Sunday, November 19, 2017

The Gal's 2017 Halloween Frivolities Day 29: SAMSARA Behind the Scenes [Greg F. Gifune]

"You've seen Hell.  And not from a distance, so close you could feel its touch.  Hell does something to the eyes, to the face.  It changes them.  Those who've seen its truth wear that change like an iron mask, just as you do." ~SAMSARA by Greg F. Gifune
I'm often invited to take part in various anthologies publishers are putting together, most of which have particular themes.  Unless I already have something that fits the bill, or happen to be working on something at that point that might fit, I rarely accept, because, first, I write very little short fiction these days and mostly concentrate on novels, novellas and screenplays, and secondly, I don't normally like to write fiction on demand, especially if it has to have a specific theme.  Rather than writing what I need and/or want to write, the latter forces me to write to spec, in a sense, something I have the ability to do if I have to, but have never been particularly comfortable with.  So, when Chris Morey at Dark Regions Press first approached me about writing a piece for his new novella anthology, I AM THE ABYSS, which dealt with visions of the underworld and afterlife, and specifically 'with the concept that after we die our consciousness inverts into ur own realms of subconscious thought,' I was pleasantly surprised.  He was looking for a novella, not a short story, and the theme not only fit perfectly into what I generally do anyway, I happened to have a concept I was just about to begin, and I knew it would be a perfect fit.  I AM THE ABYSS, Chris explained, would feature novellas about those 'whose journeys in the Birth World have come to an end.  Each individual was a dark or tortured soul, each story a perilous yet enlightening adventure through a personal afterlife.'  Sometimes I get lucky.  This one was right up my alley.

            And so, my novella SAMSARA was born.  Although a good part of the story takes place in an eerie desert town that's bracing for a huge storm, at its heart, the novella is a love story about a soldier dying on the battlefield in WWII, and missing his wife, the love of his life back home.  The lead character is a man who has everything he ever thought he wanted or needed, until an innocent mistake costs someone their life, and in the process, destroys him as well.  The entire piece is a study in guilt, regret, love, life, death, and ultimately (what is hopefully), transcendence.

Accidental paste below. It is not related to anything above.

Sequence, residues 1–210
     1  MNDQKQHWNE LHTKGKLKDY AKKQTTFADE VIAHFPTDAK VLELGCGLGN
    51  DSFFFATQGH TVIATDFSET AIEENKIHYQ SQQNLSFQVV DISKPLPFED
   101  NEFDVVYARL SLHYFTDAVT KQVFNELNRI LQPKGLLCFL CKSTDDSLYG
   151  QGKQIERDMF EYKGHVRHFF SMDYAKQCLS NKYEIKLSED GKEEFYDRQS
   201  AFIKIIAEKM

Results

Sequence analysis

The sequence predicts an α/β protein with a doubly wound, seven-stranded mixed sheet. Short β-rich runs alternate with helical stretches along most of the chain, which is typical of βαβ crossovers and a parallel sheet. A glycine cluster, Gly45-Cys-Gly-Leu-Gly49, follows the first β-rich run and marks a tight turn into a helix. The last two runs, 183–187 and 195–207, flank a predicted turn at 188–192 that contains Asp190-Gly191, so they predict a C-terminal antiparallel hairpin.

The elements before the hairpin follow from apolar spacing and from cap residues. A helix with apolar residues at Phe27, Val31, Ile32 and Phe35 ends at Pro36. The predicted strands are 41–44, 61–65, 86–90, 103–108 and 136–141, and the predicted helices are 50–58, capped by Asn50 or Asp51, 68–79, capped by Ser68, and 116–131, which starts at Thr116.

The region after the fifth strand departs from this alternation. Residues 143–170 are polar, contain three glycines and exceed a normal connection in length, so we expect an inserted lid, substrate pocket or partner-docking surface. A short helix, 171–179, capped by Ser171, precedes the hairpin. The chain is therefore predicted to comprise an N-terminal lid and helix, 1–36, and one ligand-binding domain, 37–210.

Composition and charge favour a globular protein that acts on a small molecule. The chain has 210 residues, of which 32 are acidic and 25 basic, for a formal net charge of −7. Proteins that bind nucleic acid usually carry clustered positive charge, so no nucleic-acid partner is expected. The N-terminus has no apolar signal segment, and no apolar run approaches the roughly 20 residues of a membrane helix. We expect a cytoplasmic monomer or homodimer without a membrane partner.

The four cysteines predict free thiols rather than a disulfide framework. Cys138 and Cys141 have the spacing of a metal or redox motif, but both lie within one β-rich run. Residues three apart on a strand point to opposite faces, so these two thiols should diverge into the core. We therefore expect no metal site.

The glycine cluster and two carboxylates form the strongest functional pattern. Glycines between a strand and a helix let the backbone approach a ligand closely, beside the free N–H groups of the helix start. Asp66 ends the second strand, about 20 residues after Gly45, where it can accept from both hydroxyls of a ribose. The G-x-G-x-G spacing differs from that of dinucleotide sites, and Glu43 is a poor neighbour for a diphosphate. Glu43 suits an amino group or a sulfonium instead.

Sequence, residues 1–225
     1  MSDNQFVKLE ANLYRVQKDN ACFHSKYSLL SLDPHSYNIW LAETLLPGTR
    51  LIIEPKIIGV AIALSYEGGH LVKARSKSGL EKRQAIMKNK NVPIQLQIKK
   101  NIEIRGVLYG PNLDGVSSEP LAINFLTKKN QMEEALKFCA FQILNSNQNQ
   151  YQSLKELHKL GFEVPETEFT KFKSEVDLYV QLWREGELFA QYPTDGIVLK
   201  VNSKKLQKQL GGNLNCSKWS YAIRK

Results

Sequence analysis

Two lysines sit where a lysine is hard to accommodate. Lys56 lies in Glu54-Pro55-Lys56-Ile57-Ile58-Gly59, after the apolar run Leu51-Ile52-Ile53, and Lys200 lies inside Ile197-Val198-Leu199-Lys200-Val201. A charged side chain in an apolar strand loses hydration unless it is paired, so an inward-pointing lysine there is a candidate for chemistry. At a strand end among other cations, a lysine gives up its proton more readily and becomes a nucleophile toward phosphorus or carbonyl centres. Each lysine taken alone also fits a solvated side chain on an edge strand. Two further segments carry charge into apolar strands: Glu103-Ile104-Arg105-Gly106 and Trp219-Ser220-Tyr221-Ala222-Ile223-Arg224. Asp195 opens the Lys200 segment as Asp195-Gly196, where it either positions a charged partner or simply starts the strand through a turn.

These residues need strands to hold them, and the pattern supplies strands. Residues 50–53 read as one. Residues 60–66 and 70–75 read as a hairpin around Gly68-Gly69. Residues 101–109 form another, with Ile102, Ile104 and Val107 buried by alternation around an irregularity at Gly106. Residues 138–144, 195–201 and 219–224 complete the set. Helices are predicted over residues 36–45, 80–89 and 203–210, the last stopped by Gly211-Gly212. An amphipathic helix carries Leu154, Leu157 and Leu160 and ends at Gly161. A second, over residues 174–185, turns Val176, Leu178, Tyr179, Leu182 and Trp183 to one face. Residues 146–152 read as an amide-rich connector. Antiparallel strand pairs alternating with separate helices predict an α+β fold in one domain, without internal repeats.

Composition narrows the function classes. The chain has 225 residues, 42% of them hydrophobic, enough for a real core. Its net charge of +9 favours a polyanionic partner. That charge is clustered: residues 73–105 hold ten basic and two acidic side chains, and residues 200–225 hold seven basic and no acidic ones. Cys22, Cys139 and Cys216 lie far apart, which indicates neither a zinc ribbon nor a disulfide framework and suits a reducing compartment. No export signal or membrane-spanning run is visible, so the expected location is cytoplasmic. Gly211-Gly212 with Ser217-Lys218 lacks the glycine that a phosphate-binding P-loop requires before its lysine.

SAMSARA (Saṃsāra) is a Sanskrit word that means 'wandering' or 'world' and refers to the concept that all life exists in a cyclical sense, and that we are at once released and bound to the material world through an endless karmic cycle of death and rebirth.  So for my purposes, this worked well as a title for my novella, because the concept tied in with the story of a man caught between this life and the next, and his struggle to survive and transcend both worlds, one where he is dying and  has essentially sacrificed himself because he cannot find a way to forgive himself, and one where he will live on and have to find a way to exist until he is reunited with the woman he lost and loves so desperately.

            The reason I decided to make him a soldier is because I felt it was a chance to show the  horror and (ultimate) futility and profane nature of war, and how it not only crushes people physically, but emotionally, mentally and spiritually as well.  My father, a combat veteran in WWII, was a man deeply affected by his time in the South Pacific, and carried not only physical, but emotional scars from those days for the entirety of his life.  Like many combat veterans, he rarely spoke of those experiences.  When he did, it was usually only to me, and always when he'd had too much to drink.  The stories he told me were often difficult to hear, and watching and listening to this otherwise amazingly strong, highly intelligent and well-educated man struggle not only to share those hellish experiences with me, but to somehow come to grips with and understand them, even though they'd occurred years earlier in his life, was absolutely heartbreaking.  A deeply spiritual man, my father's biggest struggle with those experiences, it seemed to me, was that even though he was a soldier at the time, and these horrible things took place in the context one would hope might allow for even a modest semblance of  justification, it was far more than just the things he witnessed and survived that haunted him.  Just as crippling (if not more) were the things he'd done, and his inability to forgive himself for having done them and for surviving when so many others who fought beside him did not.  I remember one of his more tame stories concerned coming upon the body of a young Japanese soldier.  On some island in the Philippines they had just taken, he and the rest of his platoon were walking to their next destination when they came upon a body in a ditch.  My father, who was only about twenty at the time himself, said the soldier could not have been more than seventeen or eighteen years old.  He lay on his side, the top of his head open and lying next to his body.  "Like an egg that had cracked and fallen open" was how my father described it.  "His skull had come apart so perfectly to reveal his brain that it almost looked like it had been done surgically.  But all I could think at the time was that even though he was the enemy and we were both there to kill each other, this was someone's child, someone's son, someone's baby.  And now he was in a ditch with the top of his head open, dead before he'd even had a chance to live."  When he first told me this story, all I could think about was that boy's mother or father down there in that ditch with him, holding their child and crying for their baby.  That vision has never left me, and to this day it leaves me shaken whenever I think of it.